» Full Dark, No Stars - Stephen King's new novella questions mankind's ability to trust others.
[02.21.2011 by Bridget Doyle]


 » The Top 30 Albums of 2010 - Fashionably, fabulously late, our favorite music (and believe me, there was a LOT) of 2010, the year that some have called the best year for music ever. And only some of those fools work here. Plenty of usual suspects, lots of ties and a few surprises that I won't spoil, including our unexpected #1.
[12.24.2010 by The LAS Staff]


 » Live: Surfer Blood/The Drums at Lincoln Hall, Chicago, IL - Remember when Weezer used to put together records that you could sing along to and rock out to? That's what Surfer Blood's show was like!
[11.04.2010 by Cory Tendering]

Music Reviews

Screaming Females - Castle Talk
»Screaming Females
Castle Talk
Don Giovanni
Trent Reznor & Atticus Ross - The Social Network [Original Soundtrack]
»Trent Reznor & Atticus Ross
The Social Network [Original Soundtrack]
The Null Corporation
Deerhunter - Halcyon Digest
Halcyon Digest
No Age - Everything in Between
»No Age
Everything in Between
Sub Pop
Robyn - Body Talk Pt. 1/ Body Talk Pt. 2
Body Talk Pt. 1/ Body Talk Pt. 2
The Walkmen - Lisbon
»The Walkmen
Fat Possum
Frank Lenz
Conquest Slaughter
Velvet Blue Music

Rating: 8.5/10 ?

March 29, 2005
When the songs become more "about" how to write the perfect pop song than anything else, a really good pop album becomes a truly great pop album. The reason that we'll always listen to Summerteeth and Here Come the Warm Jets - the nearly intangible quality The Shins a wholly different and better beast than Arcade Fire - and the beauty of Frank Lenz's music all boils down to the fact that, rather than attempting to express a specific emotion or set of emotions, make any sort of life-changing Statement, or serve as a soundtrack to anyone's day-to-day activities, this music establishes a dialogue with its forebears and endeavors to find its own place within the canon.

Just as Spenser and Milton had to prove their competence with the conventions of Greek and Roman epics to immortalize their English reinterpretations of the epic, Lenz creates a striking intertextuality between this record and key pop records from the past. Often, he gives us passing glimpses at cues with which we're all too familiar. There's a "Great Gig in the Sky" chorus on "Circus Cat"; "Tree Swinging Hippies" takes a stab at recreating the pastoral feel of some of Eno's early solo pop work, with its subdued percussion sound and voice-as-another-instrument quality drawing attention to the idyllic guitar picking; "Lonely Handy Chap" invokes images of mid-'90s slack rock via a rising melody reminiscent of Pavement and the archetypal post-undergrad quandary of splitting up the record collection with the ex-live in lover. Whether these moments were intended to pay as much direct homage as they could be read to do is debatable, but they still serve to establish a degree of familiarity and comfort that asks listeners to consider this album in the same light as the great albums it tips its hat to.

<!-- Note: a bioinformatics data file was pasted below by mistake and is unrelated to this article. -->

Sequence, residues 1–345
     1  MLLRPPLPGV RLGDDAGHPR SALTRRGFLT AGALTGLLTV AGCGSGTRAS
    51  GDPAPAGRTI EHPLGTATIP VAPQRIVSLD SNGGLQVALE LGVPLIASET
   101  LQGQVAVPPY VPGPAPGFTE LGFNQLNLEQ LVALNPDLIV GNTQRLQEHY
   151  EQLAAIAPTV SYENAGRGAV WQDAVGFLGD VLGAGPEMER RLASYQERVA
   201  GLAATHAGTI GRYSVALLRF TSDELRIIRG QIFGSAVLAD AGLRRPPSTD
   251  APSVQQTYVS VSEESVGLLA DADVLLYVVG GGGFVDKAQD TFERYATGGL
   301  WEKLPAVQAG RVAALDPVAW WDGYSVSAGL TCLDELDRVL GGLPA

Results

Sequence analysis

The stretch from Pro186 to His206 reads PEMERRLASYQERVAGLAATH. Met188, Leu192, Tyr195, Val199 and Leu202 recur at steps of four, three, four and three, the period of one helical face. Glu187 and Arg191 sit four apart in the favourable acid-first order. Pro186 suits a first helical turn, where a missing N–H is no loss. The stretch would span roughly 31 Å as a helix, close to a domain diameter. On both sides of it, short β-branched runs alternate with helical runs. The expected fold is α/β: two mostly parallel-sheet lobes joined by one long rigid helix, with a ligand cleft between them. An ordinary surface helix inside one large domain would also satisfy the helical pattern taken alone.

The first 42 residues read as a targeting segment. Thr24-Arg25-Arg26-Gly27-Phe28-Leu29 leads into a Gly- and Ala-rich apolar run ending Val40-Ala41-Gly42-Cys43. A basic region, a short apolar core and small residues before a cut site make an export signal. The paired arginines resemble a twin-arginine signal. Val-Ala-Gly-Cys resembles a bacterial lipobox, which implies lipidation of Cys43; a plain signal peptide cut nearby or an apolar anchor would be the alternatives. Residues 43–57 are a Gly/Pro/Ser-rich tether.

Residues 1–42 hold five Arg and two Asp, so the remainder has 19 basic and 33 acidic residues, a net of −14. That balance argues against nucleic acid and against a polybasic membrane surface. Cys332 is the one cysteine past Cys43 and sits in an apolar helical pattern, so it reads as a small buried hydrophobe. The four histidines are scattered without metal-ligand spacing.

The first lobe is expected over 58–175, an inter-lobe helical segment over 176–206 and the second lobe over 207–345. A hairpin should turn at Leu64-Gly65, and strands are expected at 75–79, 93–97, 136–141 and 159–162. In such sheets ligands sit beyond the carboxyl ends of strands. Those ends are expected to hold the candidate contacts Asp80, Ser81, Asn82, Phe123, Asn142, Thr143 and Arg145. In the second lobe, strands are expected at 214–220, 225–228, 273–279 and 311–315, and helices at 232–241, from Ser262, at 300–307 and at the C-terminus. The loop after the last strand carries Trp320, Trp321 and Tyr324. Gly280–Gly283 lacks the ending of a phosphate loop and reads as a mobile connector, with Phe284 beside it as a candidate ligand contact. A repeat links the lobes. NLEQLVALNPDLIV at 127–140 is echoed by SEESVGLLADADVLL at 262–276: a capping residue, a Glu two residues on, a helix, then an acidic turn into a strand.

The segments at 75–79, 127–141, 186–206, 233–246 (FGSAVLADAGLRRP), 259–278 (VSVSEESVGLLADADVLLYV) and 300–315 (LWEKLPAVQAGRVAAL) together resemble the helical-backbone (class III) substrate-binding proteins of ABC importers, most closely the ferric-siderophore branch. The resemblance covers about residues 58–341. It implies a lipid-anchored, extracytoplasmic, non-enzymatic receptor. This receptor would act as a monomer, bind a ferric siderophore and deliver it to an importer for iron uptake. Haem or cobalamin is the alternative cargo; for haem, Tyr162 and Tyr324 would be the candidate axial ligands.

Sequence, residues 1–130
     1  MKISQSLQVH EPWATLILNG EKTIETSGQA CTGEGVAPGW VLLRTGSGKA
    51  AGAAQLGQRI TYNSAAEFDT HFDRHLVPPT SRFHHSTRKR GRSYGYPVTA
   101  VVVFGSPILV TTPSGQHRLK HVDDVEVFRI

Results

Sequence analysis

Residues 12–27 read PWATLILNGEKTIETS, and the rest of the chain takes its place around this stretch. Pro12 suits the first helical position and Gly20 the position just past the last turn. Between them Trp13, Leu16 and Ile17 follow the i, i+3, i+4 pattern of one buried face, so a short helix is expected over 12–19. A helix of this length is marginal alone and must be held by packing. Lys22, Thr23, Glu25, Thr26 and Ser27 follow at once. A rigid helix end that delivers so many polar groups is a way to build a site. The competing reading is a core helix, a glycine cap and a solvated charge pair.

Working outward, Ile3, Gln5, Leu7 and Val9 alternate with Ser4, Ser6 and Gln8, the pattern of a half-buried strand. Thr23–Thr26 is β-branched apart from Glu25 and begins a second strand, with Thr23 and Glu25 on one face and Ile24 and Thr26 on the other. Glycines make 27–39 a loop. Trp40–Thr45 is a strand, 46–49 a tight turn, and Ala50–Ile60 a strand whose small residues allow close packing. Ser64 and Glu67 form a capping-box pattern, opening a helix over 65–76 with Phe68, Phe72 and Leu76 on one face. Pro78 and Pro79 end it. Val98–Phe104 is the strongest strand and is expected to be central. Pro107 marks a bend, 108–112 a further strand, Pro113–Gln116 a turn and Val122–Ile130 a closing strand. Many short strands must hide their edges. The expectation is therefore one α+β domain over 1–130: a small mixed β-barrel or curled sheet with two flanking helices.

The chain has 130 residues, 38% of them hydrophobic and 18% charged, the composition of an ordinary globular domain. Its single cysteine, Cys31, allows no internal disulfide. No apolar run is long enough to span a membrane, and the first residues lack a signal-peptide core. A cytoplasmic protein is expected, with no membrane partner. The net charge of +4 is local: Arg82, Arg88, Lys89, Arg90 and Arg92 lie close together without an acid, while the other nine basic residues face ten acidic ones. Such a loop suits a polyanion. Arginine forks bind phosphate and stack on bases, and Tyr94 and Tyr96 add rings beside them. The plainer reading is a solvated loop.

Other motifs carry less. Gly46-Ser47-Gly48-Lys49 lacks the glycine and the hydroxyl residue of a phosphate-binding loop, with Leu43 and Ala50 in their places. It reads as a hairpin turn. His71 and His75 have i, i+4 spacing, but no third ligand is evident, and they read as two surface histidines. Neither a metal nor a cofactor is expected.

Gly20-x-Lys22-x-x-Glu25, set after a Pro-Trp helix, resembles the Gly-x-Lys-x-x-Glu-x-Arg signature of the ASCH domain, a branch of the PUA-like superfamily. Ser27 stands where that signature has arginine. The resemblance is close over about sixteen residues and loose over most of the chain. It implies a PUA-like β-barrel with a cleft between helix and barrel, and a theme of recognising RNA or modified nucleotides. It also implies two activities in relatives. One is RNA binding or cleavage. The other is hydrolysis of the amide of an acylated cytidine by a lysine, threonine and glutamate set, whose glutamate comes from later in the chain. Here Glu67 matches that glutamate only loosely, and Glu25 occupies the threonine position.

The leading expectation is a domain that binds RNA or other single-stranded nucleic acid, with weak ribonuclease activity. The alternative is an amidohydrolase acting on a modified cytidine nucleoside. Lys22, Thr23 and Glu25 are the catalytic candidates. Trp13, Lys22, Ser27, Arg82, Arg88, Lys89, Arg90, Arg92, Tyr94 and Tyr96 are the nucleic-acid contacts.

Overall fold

This is an audacious move, really, but Lenz has the songwriting mettle to pull it off. For a man best known for adding pinches of ridiculousness to fairly straightforward songs (see his work on Starflyer 59's Old, in which he threw a little T. Rex and Pink Floyd into Jason Martin's Kool-Aid), Lenz has an uncanny knack for lonely Neil Young melodies. It's these melodies, crooned in Lenz's terribly nasal, immediately loveable, thoroughly unassuming voice, that allow the album to sound just as fresh on the thirtieth listen as it did on the first listen.

The only thing keeping Conquest Slaughter from becoming the stuff of legends is its lack of experimentation. Though Lenz is willing to twist and monkey around with pop conventions, Wilco have already cornered the market on his bellowing guitar solos, and his Bacharachian fits of grandeur are by no means boundary-pushing, as unexpected as they may be. While he takes perhaps the most highbrow approach to melodic rock and roll possible, Lenz remains content to find his own voice within an existing framework, preventing him from creating a work as powerful as the artists he emulates but placing him firmly ahead of the pretenders, emoters, and OC rockers.

Reviewed by Phillip Buchan
A one-time music director at WUOG in Athens, Phillip is into college radio, literature, writing, buying records, going to shows, talking to friends, learning -- pretty much the same stuff that all of us priveledged, (pseudo?)intellectual Americans are into.

See other reviews by Phillip Buchan



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